Opinion

A Call for Personalized Breast Care for Our Military Service Members and Veterans

My best friend. My daughter’s ballet teacher. My co-worker. My cousin. I’ve lost each of these vibrant women to breast cancer. With 1 in 8 women developing invasive breast cancer in their lifetime, breast cancer affects us all — whether it’s a wife, daughter, sister, mom, friend, colleague or ourselves. 

As we recognize Breast Cancer Awareness Month, now is an important time to discuss how we can continue to combat this widespread disease. 

For me and the 2 million women veterans across the United States, there is an even greater risk: We face a 20 to 40 percent higher rate of breast cancer than the general population, a rate potentially attributable to screening access, toxic exposures and reproductive history. A 2014 study by the Department of Defense also identified military occupational assignments, deployments or other service-related experiences as possible risk factors for service members.

I served as a U.S. Army Medical Service Corps officer, holding several roles during my 10 years in uniform. While I served, several pivotal moments of my personal health care journey shaped me for my current role as GE Healthcare’s primary liaison with the DOD for military health. In this role, I have the unique opportunity to provide innovative medical imaging technology to those who serve and to offer an understanding of the military’s needs, particularly for women. 

Just as the military uses multiple branches to complete its mission, we at GE Healthcare leverage multiple technologies to provide a patient-centric approach to breast health. Factoring in a patient’s age, breast density and risk factors, along with early detection, is critical to providing the best defense against breast cancer. Finding breast cancer early reduces a woman’s risk of dying from the disease by 25 to 30 percent or more. Not getting a mammogram or having access to the correct diagnostic screening can delay a breast cancer diagnosis and impact a patient’s long-term odds. 

Women’s health issues are often misunderstood and go unaddressed. By better understanding the additional risks and challenges we face regarding breast health, servicewomen and women veterans can play an active role in their patient experience. 

Handing some of the control over to the patient, our latest mammography technology allows patients to control their own compression under the guidance of a technologist, reducing scan time and improving patient comfort. It is this patient-centric health care experience that will benefit not only our servicewomen and women veterans, but all women.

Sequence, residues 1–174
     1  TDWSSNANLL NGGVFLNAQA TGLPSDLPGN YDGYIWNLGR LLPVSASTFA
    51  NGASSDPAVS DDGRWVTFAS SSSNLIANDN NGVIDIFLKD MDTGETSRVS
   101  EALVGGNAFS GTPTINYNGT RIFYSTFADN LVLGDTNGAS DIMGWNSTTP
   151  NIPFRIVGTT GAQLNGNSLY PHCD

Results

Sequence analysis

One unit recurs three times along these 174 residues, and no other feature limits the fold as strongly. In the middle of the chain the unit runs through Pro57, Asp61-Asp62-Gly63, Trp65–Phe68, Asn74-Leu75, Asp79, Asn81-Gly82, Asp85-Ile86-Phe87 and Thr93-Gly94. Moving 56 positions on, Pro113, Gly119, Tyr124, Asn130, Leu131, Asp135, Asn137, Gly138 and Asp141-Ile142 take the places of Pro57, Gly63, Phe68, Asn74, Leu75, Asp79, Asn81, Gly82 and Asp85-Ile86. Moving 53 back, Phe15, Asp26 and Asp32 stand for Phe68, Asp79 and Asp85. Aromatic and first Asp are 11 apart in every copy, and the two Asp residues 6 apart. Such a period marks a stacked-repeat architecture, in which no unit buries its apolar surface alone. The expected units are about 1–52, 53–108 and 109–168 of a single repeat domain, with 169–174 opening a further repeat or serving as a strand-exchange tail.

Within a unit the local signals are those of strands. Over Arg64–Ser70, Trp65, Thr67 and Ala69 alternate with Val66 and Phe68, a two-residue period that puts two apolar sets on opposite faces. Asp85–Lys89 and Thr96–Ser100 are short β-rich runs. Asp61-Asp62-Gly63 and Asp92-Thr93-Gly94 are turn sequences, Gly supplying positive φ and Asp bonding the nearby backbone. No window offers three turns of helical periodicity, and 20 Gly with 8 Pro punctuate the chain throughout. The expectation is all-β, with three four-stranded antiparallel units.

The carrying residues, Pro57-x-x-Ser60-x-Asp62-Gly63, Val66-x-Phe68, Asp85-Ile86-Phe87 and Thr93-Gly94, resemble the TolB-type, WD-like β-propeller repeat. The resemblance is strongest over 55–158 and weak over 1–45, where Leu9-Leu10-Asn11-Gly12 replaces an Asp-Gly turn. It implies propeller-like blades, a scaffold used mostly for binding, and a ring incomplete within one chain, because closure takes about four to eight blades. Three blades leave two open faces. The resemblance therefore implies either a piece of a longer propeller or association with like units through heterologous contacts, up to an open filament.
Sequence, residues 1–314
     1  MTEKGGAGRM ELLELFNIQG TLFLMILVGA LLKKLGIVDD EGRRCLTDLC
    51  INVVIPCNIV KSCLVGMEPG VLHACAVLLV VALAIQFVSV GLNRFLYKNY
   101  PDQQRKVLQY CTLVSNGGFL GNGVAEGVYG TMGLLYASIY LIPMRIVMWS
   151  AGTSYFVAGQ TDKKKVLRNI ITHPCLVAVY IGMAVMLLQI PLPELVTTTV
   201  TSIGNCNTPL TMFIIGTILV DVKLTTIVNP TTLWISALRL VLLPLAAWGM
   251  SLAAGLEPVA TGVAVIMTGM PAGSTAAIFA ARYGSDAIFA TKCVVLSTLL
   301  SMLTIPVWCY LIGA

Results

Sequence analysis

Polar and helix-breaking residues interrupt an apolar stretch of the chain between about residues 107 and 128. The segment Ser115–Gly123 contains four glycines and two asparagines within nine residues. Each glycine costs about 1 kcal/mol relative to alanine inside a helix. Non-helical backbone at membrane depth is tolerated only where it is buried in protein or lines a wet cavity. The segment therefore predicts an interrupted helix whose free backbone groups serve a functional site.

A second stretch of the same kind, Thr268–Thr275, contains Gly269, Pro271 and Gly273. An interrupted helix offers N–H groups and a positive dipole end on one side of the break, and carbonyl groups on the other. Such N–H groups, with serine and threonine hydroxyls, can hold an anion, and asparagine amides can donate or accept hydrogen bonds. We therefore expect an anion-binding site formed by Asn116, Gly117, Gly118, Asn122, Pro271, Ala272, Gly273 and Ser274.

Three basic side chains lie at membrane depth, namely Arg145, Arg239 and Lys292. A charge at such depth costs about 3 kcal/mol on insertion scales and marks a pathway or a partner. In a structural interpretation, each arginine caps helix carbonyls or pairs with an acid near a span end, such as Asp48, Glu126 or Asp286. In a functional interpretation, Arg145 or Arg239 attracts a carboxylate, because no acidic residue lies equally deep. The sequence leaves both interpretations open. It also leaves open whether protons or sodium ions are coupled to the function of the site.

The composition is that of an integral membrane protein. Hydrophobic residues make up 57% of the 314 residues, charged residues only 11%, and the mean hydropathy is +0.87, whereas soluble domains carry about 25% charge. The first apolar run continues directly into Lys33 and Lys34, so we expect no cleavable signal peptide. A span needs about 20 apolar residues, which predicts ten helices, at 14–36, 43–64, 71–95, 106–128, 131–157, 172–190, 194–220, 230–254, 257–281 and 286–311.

By 2040, the Department of Veterans Affairs expects women to make up nearly 18 percent of the veteran population. The Advisory Committee on Women Veterans recently reviewed the great work from the agency to support services for the increasing number of women veterans, ranging from the expansion of the Women’s Health Transition Training to an interagency effort between the DOD and VA on exposure registries. 

On Capitol Hill, I am encouraged to see seven women veterans serving in Congress and advocating for my sisters in uniform; the launch of the Women Veterans Task Force, led by Congresswoman Julia Brownley (D-Calif.); and deliberate attention to fiscal appropriations for services for women veterans by Congresswoman Debbie Wasserman Schultz (D-Fla.). Veteran service organizations are leading at the grassroots level by providing services directly to veterans and amplifying our voices.  

On Sept. 12, GE Healthcare convened a panel of distinguished radiologists and medical professionals, leaders in patient advocacy, and servicewomen and women veterans advocacy to discuss best practices in breast health and the unique risks and considerations facing servicewomen and women veterans. 

Through continued collaboration and research, we can bring life-changing programs, solutions and technologies to servicewomen and women veterans. Together, we can provide a personalized breast health experience, fight breast cancer and help care for all women who serve.

 

Danielle Carosello is executive director for the Department of Defense at GE Healthcare.

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